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The BBC's Frank Gardner in Dubai
"A monument to luxury and comfort"
 real 28k

Wednesday, 1 December, 1999, 18:45 GMT
World's tallest hotel opens its doors
Guests in the lobby at the Burj al-Arab Guests arrive at the hotel, which is already a quarter full

The world's tallest hotel - where suites cost up to $15,000 a night - has officially opened in the Gulf emirate of Dubai.

The 202-suite Burj al-Arab - or Tower of the Arabs - stands 321 metres (1,060 feet) high and floats on its own man-made island.

Not only does the billowing, sail-shaped structure have its own submarine ride to an underwater restaurant complete with shark-infested aquarium, it is reputed to have the world's fastest lifts, travelling at a eye-popping seven metres per second.

The hotel's promoters say that more than 9,000 square metres of gold leaf, marble, granite and crystal have been used in the interior decor.

Burj al-Arab hotel Golf buggies ferry guests from the mainland
"Pure, sheer luxury," is how general manager Phillippe Charraudeau described the vast royal suite - the hotel's most expensive - which is on two floors, and has its own lift and revolving bed.

He believes the majority of his clients will come from the oil-rich Gulf states. Not surprising when rates start at about $900 a night.

The hotel has an army of 40 butlers and guests can choose to transfer from the airport either by helicopter or in one of a fleet of eight Rolls Royce limousines.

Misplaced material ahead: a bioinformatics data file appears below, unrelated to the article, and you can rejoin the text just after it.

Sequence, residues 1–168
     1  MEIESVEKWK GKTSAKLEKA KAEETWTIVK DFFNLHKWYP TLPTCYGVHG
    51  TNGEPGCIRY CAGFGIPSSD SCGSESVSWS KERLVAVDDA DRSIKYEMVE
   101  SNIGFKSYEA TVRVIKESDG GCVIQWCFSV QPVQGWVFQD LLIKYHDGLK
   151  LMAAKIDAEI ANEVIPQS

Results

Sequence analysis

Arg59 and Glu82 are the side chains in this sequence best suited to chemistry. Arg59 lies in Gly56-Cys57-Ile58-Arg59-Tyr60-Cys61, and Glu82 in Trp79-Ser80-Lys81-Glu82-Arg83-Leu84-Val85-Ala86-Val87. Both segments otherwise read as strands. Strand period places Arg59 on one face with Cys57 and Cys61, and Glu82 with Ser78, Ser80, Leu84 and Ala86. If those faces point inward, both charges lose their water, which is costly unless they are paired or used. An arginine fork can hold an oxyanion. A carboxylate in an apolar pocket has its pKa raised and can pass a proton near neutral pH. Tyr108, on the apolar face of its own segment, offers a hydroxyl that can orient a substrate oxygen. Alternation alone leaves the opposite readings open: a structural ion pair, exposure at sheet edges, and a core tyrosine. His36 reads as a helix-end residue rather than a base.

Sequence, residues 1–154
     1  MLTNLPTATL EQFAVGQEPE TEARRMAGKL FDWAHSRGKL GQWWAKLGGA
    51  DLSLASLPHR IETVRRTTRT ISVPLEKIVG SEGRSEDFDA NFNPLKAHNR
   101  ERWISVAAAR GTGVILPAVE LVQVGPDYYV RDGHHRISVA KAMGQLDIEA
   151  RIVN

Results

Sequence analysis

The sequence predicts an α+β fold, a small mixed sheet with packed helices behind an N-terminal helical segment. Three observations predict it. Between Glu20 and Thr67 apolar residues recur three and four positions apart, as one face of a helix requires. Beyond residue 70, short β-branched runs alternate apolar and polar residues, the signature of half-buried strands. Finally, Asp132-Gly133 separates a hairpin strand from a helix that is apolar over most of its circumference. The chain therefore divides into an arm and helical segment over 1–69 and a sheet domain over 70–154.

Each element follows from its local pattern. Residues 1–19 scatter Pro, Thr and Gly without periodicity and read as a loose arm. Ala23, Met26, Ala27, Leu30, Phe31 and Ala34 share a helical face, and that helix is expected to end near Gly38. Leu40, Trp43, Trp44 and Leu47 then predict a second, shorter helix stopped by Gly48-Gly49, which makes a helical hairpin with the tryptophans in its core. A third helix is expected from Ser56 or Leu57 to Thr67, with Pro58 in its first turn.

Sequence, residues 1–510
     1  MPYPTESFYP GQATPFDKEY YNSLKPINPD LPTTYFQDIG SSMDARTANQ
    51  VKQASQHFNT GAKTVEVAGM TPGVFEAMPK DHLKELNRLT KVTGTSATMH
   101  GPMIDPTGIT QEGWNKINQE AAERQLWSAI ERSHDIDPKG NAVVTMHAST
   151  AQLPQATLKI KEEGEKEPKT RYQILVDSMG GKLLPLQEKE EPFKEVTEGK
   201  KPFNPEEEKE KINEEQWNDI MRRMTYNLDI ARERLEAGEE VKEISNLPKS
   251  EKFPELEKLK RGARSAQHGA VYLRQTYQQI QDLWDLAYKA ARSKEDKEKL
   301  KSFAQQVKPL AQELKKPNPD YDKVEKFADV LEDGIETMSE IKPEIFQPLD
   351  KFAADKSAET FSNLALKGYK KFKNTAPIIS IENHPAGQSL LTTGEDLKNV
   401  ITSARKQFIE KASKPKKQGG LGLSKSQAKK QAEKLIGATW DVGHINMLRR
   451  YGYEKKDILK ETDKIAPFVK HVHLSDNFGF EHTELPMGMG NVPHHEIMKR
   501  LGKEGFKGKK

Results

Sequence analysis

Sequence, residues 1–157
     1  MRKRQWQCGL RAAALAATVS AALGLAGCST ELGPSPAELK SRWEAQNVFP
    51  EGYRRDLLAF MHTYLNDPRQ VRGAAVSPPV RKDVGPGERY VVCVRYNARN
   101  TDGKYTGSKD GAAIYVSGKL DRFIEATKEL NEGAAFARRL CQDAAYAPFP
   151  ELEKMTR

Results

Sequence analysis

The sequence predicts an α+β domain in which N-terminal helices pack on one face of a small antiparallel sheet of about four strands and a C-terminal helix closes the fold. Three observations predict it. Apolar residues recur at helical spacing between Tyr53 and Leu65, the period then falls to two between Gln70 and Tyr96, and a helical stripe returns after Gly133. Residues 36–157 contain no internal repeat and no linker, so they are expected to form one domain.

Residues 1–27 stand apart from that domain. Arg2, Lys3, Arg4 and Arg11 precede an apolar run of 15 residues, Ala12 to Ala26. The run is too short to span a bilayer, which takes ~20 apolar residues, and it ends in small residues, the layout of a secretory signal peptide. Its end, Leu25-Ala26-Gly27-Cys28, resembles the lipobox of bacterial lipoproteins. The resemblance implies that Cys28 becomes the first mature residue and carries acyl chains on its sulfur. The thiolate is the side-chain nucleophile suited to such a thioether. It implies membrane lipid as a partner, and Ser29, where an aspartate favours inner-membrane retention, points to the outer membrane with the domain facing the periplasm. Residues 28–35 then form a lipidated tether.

All suites have laptop computers, faxes and 42-inch (106 cm) television screens.


Other features include fire-spouting volcanoes, leopard-skin furniture and the world's largest atrium.

But if you were thinking of dropping in to witness the Burj al-Arab's opulence at first hand, bear in mind that just crossing its private bridge will set you back an entrance fee of $55.

"We are on a small island and it's a matter of privacy," Mr Charraudeau said, adding that the amount was redeemable by making purchases inside the hotel, the cost of which is thought to run into several hundred million dollars.

Taller than the Eiffel Tower, the Burj al-Arab is just 65 metres shorter than the Empire State Building in New York.

It tops the world's tallest hotel to date - the Baiyoke Sky in Thailand - by 13 metres.

But it remains some way short of being the world's tallest building.

That distinction still belongs to the twin Petronas Towers in Kuala Lumpur, Malaysia, which soar to 494 metres.

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